Those type of laws could benefit or hurt the digger. If they have permission on one persons land but are digging on someone else, how will the authorities be able to tell where the seng was dug? The digger can just say it was all dug on the persons land where they had permission. It does sound like at least an attempt to help the land owner.
Unfortunately you are correct, criminals will always look for ways to break the law and not get caught. On the positive side, at least it shows that the authorities understand the seriousness of the problem and are willing to prosecute illegal ginseng digging and sales. And it?s nice to know that at least in Ohio if someone makes the effort and investment to put up game cameras and gets hard evidence against Ginseng poachers, that the authorities will take it seriously. I mean I can see it from the police side too; a land owner comes in and gives you a picture of a man digging up a plant in the middle of the woods, does that go on the top of his pile of cases (probable not). With high visibility state wide prosecutions going on, it brings awareness of the severity and probable more willingness to pursue these cases.
Please don't get me wrong. I am in total agreement with you in that any and all eforts to help protect the landowners rights is great by me. There has been poaching probably as long as there has been digging and I am all for putting a stop to it.
Glad we can all agree, this precious resource rightfully belongs to the land owner.I know many land owners in the area, and know of none who have ever given anyone permission to dig seng!
The quest for seng has always been almost a secret society, everybody has some but can't tell you where it came from!
Many under the ideas of hunting mushrooms or bow hunting deer
on a property, find it early or later when the season starts and most will not mention to anyone his discovery! And think for some reason the owners do not need to know they have it on their land.
So........the circle goes round
I was told by one of the locals that the roots can identify the soil it grew in...?
There are microchips on the market (fairly cheap) that can be rubbed into the root (of course you have to dig up a few roots and then replant after) that can identify the seng no matter where it goes in the world if someone has the reader.I have not had any experience with this technology myself and only know of it in passing jibjab back and forth with other seng growers.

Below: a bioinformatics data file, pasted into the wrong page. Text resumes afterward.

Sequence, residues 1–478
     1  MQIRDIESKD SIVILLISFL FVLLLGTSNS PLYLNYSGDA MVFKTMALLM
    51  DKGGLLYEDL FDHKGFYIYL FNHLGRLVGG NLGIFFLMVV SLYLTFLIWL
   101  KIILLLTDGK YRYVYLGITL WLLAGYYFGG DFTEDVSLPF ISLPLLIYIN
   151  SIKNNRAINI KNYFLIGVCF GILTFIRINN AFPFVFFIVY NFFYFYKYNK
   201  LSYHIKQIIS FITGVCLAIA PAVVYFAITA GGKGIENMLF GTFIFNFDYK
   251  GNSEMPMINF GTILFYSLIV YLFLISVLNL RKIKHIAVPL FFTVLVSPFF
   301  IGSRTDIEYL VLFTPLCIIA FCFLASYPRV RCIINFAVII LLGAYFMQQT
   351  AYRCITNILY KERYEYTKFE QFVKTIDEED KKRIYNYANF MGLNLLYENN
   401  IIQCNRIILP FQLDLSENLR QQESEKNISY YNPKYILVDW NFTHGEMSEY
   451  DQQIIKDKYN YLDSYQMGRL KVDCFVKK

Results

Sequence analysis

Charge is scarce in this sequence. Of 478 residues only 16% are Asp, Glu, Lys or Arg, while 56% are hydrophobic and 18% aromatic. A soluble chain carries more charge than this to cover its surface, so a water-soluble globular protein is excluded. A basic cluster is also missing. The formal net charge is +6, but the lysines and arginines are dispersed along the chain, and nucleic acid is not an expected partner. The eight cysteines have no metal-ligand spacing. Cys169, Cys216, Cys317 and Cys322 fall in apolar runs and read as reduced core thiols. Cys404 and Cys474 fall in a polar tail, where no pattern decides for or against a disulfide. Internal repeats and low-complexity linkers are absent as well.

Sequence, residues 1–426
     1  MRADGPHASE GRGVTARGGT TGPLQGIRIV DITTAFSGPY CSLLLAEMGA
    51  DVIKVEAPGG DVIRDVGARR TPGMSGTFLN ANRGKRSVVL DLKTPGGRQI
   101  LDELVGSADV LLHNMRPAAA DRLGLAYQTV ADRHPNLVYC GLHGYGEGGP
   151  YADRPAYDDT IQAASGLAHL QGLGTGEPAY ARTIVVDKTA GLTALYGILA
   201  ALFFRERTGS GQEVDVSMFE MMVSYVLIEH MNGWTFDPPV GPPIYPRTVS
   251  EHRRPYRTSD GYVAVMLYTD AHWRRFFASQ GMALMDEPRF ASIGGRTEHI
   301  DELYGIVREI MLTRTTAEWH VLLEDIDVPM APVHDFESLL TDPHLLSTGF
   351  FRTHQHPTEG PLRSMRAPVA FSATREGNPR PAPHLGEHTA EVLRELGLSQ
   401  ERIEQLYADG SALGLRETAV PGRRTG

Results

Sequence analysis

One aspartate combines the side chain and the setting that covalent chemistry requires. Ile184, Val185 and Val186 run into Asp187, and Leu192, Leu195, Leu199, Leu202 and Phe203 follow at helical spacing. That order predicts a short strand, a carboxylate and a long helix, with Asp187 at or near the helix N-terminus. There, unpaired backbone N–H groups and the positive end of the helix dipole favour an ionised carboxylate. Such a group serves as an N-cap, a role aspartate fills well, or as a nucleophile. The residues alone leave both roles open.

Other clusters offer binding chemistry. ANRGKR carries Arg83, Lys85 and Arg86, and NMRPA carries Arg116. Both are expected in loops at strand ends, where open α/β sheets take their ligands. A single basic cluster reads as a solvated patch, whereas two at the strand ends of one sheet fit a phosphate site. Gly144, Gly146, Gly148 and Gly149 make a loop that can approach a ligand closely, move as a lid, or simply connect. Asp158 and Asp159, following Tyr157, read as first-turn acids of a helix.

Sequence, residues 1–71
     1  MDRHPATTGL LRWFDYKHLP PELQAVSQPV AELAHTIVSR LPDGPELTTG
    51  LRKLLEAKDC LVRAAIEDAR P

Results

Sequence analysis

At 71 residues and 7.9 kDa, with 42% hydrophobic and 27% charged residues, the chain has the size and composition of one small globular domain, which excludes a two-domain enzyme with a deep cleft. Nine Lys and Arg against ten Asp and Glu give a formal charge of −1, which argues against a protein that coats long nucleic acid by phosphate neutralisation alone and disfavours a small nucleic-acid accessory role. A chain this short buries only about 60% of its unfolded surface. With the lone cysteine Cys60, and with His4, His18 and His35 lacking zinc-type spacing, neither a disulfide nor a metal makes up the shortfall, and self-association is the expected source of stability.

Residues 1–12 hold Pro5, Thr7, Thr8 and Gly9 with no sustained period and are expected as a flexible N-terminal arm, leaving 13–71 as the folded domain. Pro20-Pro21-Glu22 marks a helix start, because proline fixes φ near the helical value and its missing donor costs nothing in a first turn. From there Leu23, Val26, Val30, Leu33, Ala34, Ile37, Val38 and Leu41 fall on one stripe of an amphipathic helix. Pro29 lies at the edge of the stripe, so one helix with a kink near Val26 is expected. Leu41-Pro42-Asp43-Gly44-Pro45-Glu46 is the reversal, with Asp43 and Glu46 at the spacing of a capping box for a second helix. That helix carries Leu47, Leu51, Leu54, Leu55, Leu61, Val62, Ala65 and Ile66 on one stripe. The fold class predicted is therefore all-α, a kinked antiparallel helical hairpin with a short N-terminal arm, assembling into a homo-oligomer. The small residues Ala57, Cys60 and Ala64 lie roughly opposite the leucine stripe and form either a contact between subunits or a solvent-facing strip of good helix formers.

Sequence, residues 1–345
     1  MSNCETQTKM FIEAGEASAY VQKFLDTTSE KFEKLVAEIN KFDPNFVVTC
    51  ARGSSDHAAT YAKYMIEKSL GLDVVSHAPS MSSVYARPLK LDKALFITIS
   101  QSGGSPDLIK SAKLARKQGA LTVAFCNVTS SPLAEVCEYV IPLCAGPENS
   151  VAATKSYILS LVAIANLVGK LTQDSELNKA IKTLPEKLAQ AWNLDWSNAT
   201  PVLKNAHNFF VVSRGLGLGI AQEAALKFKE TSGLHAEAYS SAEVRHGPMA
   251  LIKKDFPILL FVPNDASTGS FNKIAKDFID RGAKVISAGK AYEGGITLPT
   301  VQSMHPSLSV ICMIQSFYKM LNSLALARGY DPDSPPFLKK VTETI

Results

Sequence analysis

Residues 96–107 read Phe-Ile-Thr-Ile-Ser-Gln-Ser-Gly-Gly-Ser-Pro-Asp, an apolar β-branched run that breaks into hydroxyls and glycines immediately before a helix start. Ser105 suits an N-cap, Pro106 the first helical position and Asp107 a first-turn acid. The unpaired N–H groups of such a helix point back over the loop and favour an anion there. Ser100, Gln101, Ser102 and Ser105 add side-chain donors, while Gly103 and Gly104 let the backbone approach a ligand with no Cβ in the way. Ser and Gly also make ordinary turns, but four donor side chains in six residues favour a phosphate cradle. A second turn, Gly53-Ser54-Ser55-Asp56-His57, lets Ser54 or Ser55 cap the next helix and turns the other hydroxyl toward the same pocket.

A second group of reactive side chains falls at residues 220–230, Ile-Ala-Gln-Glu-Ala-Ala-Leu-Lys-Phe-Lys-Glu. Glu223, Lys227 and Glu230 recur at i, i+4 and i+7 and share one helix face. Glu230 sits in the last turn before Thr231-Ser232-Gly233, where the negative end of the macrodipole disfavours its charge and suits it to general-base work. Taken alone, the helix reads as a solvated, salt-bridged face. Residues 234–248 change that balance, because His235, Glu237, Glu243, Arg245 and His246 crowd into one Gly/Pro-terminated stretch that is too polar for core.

As long as one of the chips remains on the seng, it can be tracked.
As a conservation officer, I can tell you that if video evidence exists of a person digging up ginseng on a certain property, then ginseng they are found with will be charged to that particular case. It is now a Federal crime.
That is how I would prosecute the matter, and I am very interested in this, because someone has been poaching ginseng in my jurisdiction, and we are planning on setting out trail cams to catch them in the act.
Analyzing soil samples can be done, but it's like asking for DNA analysis on that cheeseburger that you swore the burger boy spit in. It's up to you to spend the cash for the test. Do you have 5 grand to throw out for the testing?
That sounds fantastic! How much proof or whatever do you need to claim it is on your property? Land marks, etc? I am sure their lawyer would say it is somewhere else. I am glad to see this is federal. Maybe, just maybe, poaching can be curtailed. Thanks for the info.
If you have photographic evidence, and this can be either video or trail cam, it will seal your case.
Let's say that you are blindfolded and taken to a remote spot on your own land. The blindfold is removed and you can immediately recognize where you are. Why? Because you know the trees. There is no way to duplicate one square foot of woods anywhere else; it is impossible.
Therefore, there is no way that the accused can claim the pics were taken elsewhere, when you can take the jury to the location and show them. All it takes is one trail cam pic of them digging ginseng on your land. I'll guarantee you that the DA will assume that all ginseng found on their person or sold by them, will have your name on it.
That is what makes this investigation so crucial to other states.